Nobel's Women of Peace has the distinction of being lucky number thirteen in "The Women's Hall of Fame Series." Yet it is not luck that characterizes the lives of the pacifists featured therein, but rather diligent work and passionate commitment. By celebrating these women's contributions to peace-building, authors Michelle Benjamin and Maggie Mooney hope to ignite in young readers the same drive "to make positive things happen in the world."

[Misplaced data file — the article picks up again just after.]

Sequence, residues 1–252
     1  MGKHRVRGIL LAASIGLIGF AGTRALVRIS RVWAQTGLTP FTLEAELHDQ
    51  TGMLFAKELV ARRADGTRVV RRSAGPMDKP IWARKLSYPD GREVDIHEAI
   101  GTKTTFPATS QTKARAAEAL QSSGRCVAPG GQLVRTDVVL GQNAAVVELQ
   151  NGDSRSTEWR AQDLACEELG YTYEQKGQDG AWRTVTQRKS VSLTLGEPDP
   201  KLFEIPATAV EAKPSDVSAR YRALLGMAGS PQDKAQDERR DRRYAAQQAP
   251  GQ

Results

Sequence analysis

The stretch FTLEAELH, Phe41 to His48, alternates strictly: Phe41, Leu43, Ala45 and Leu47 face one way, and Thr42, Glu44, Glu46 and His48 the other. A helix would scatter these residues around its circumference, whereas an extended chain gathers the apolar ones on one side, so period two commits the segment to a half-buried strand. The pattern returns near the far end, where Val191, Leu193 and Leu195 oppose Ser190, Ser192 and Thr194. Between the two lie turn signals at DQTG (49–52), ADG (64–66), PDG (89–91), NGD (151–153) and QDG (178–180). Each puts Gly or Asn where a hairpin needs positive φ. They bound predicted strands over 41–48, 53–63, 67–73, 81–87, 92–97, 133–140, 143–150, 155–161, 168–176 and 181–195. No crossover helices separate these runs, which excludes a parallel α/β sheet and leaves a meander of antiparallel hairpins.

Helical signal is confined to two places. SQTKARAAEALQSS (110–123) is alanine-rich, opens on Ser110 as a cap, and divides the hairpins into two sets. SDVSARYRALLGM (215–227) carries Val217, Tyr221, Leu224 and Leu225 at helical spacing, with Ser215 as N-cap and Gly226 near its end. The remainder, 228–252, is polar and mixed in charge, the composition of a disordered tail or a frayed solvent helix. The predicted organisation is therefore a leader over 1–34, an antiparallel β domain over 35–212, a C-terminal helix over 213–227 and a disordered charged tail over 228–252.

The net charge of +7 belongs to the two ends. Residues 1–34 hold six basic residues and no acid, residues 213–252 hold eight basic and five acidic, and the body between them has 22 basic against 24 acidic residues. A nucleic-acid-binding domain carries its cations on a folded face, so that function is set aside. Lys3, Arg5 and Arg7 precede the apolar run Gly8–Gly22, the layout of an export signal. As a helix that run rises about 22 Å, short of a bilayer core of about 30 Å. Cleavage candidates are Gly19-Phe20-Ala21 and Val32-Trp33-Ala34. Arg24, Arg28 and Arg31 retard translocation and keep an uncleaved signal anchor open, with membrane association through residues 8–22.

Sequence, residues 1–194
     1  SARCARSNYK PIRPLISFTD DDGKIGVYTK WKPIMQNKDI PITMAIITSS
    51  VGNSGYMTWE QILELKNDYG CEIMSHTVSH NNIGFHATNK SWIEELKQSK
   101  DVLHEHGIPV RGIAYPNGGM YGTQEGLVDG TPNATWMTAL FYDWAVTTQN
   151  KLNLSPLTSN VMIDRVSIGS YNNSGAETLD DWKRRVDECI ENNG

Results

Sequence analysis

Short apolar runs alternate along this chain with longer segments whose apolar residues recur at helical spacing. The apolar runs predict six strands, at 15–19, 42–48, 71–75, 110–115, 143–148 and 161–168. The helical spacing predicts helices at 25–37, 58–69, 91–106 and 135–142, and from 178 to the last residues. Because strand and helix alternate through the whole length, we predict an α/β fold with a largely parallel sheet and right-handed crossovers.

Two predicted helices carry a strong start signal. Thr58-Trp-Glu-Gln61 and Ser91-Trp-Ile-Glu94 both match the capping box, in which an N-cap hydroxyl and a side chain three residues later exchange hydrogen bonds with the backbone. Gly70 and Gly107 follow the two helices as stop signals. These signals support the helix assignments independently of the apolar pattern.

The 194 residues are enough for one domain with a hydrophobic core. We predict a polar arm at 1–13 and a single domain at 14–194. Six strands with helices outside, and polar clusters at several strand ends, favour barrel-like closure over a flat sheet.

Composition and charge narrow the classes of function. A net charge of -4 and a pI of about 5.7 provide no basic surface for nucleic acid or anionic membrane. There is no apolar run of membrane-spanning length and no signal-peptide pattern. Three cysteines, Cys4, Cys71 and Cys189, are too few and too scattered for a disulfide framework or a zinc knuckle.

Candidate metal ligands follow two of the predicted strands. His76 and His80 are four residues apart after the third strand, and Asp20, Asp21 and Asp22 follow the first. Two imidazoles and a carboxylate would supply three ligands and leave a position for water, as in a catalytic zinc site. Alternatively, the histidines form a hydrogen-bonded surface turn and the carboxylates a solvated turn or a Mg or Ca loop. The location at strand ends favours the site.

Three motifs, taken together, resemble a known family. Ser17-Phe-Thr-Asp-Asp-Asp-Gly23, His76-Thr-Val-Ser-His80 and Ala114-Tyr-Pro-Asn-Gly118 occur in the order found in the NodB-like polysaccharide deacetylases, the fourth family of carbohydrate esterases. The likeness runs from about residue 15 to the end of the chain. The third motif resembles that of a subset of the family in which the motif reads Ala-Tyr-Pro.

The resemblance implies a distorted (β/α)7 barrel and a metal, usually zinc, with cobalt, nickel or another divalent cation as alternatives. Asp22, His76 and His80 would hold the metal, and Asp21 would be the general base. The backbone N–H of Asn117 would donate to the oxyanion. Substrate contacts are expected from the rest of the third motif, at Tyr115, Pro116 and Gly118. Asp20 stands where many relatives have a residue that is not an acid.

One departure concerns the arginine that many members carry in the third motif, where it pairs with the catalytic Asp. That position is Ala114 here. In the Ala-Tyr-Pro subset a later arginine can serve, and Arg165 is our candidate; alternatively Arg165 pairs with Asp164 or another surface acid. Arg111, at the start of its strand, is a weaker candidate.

Every book in the series recounts the lives of 10 to 12 women, usually in a particular profession, such that past titles have focussed on physicians, explorers, filmmakers, and athletes, as a few examples. In contrast, Nobel's Women of Peace gathers together an eclectic set of individuals: a governess, a nun, an agricultural worker, a prime minister elect, a lawyer and former Chief Justice, administrative assistants, academics, and social and political activists. Yet despite differences in nationality, social class, family structure, spiritual beliefs, education, and profession, they share one thing in common: they are the only 12 women to have received the Nobel Prize for Peace since its inception in 1901. Their scarcity relieves the authors of the usual difficult decisions concerning whom to include/exclude. However, it also prompts Benjamin and Mooney to remark upon the "low representation of women among Nobel Peace Prize laureates," a situation they feel is mitigated only in part by the increasing frequency with which women have received the award in the latter part of the century. That is, while only three women--Bertha von Suttner, Jane Addams, and Emily Greene Balch--were awarded the prize prior to the 1970s, nine others have been similarly honored since then, namely Betty Williams and Mááiread Corrigan Maguire (jointly), Mother Teresa, Alva Myrdal, Aung San Suu Kyi, Rigoberta Menchúú Tum, Jody Williams, Shirin Ebadi, and Wangari Maathai.